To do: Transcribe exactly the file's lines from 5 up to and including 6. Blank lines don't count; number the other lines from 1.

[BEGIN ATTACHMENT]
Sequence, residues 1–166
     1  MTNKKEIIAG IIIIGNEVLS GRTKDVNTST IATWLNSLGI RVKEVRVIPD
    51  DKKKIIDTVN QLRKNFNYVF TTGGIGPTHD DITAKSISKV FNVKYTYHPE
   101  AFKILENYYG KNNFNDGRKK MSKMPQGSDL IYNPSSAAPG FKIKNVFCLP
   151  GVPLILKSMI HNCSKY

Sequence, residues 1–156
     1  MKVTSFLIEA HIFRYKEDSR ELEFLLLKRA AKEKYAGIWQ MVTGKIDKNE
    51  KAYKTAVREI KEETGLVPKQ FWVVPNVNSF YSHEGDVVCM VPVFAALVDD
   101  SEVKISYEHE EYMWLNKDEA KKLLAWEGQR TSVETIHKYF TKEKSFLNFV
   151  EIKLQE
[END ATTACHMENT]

   151  GVPLILKSMI HNCSKY

Sequence, residues 1–156